Taxpayers in a Houston-area school district may suffer from sticker shock this fall when they head to the polls to vote on a $992.6 million bond referendum.

This week, Fort Bend ISD trustees unanimously voted to place the nearly $1 billion referendum on the November 6 ballot. When the board met in June to discuss the bond, they considered asking the public to approve $1.7 billion, but said they would decide on the final package at the August 13 meeting. While it seems as though they reduced the bond ask, they really just broke it into two different issuances.

The final $992.6 million referendum, which tops $1 billion when interest is factored in, is meant to “fund the first of a two-phase, six-year plan to address capital needs in the District.” They are already planning to ask voters to approve a “second-phase bond” of $705.2 million in three years. According to the Texas Bond Review Board, FBISD’s current debt is $1.2 billion which is one of the highest when compared to school districts of similar size.

$992.6 million broken down:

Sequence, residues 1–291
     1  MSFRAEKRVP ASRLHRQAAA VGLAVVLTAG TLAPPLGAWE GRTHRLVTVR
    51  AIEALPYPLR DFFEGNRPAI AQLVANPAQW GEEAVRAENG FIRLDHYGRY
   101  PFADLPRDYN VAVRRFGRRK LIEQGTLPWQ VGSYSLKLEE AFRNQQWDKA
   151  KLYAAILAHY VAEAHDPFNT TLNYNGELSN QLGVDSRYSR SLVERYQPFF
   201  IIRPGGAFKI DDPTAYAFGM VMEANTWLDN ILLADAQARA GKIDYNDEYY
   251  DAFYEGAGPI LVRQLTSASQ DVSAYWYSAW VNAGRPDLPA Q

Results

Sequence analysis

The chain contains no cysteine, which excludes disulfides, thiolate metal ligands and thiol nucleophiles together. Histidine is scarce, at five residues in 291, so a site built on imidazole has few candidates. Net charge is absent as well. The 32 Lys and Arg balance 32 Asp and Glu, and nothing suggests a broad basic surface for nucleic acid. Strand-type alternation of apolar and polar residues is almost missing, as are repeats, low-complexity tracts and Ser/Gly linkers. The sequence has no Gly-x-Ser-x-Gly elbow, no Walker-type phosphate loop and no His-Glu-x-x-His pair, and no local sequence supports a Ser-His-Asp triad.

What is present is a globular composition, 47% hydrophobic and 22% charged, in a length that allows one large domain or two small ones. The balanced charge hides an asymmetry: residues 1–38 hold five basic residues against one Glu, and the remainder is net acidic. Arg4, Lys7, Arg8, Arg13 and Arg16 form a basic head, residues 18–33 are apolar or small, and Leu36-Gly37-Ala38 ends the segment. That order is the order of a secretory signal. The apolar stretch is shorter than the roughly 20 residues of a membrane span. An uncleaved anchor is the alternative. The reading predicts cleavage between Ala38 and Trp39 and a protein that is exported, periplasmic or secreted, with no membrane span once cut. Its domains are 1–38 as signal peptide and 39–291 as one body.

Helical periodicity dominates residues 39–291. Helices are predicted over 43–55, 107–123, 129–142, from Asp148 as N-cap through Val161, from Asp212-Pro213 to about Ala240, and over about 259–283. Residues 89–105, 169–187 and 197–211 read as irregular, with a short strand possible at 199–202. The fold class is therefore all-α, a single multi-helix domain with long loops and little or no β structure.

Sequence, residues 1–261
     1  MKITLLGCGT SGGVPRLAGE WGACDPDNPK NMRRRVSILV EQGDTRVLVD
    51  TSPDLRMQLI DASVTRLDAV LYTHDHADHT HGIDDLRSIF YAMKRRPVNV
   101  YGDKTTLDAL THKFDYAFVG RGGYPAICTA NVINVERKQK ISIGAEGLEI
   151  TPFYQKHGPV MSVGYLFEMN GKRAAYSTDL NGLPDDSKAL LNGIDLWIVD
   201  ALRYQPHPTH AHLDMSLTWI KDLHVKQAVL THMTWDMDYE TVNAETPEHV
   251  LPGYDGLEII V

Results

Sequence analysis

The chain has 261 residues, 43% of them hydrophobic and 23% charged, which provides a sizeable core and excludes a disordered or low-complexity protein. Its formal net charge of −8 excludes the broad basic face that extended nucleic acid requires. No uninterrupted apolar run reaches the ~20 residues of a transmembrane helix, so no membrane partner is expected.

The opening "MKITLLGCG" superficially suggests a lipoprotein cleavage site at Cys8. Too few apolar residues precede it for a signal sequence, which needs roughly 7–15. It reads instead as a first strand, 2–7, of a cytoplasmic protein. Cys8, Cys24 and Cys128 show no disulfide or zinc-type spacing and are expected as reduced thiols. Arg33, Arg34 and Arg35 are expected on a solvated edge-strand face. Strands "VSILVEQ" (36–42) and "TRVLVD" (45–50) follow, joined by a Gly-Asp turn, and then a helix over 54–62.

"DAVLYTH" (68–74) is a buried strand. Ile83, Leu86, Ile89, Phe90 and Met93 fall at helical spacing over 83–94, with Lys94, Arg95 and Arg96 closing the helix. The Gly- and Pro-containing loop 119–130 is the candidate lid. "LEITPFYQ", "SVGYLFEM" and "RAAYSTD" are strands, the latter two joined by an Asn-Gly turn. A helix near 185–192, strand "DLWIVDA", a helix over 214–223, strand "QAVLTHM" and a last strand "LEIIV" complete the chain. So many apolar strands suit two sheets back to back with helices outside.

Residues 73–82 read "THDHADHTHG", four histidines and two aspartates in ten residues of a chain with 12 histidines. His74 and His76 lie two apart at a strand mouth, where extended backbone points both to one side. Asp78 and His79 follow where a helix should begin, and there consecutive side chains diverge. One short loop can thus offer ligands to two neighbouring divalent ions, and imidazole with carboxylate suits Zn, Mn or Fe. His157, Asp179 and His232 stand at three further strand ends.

The capital plan, which guided development of the proposal, shows expenditures broken down even further on projects like $3 million for a new student ID system, $1.6 million for police vehicles, $3.7 million for “staff computer refresh,” and more. Though the current bond doesn’t call for a natatorium, the documents show they’ll be asking $14 million in the 2021 bond for one.

The bond also calls for a projected 3-cent tax increase, bringing the district’s rate to $1.35, but FBISD said they don’t plan for that increase to come immediately. But with a second bond just a few short years away, taxpayers will undoubtedly feel an increase sooner rather than later.

Charles Blain

Charles Blain is the president of Urban Reform and Urban Reform Institute. A native of New Jersey, he is based in Houston and writes on municipal finance and other urban issues.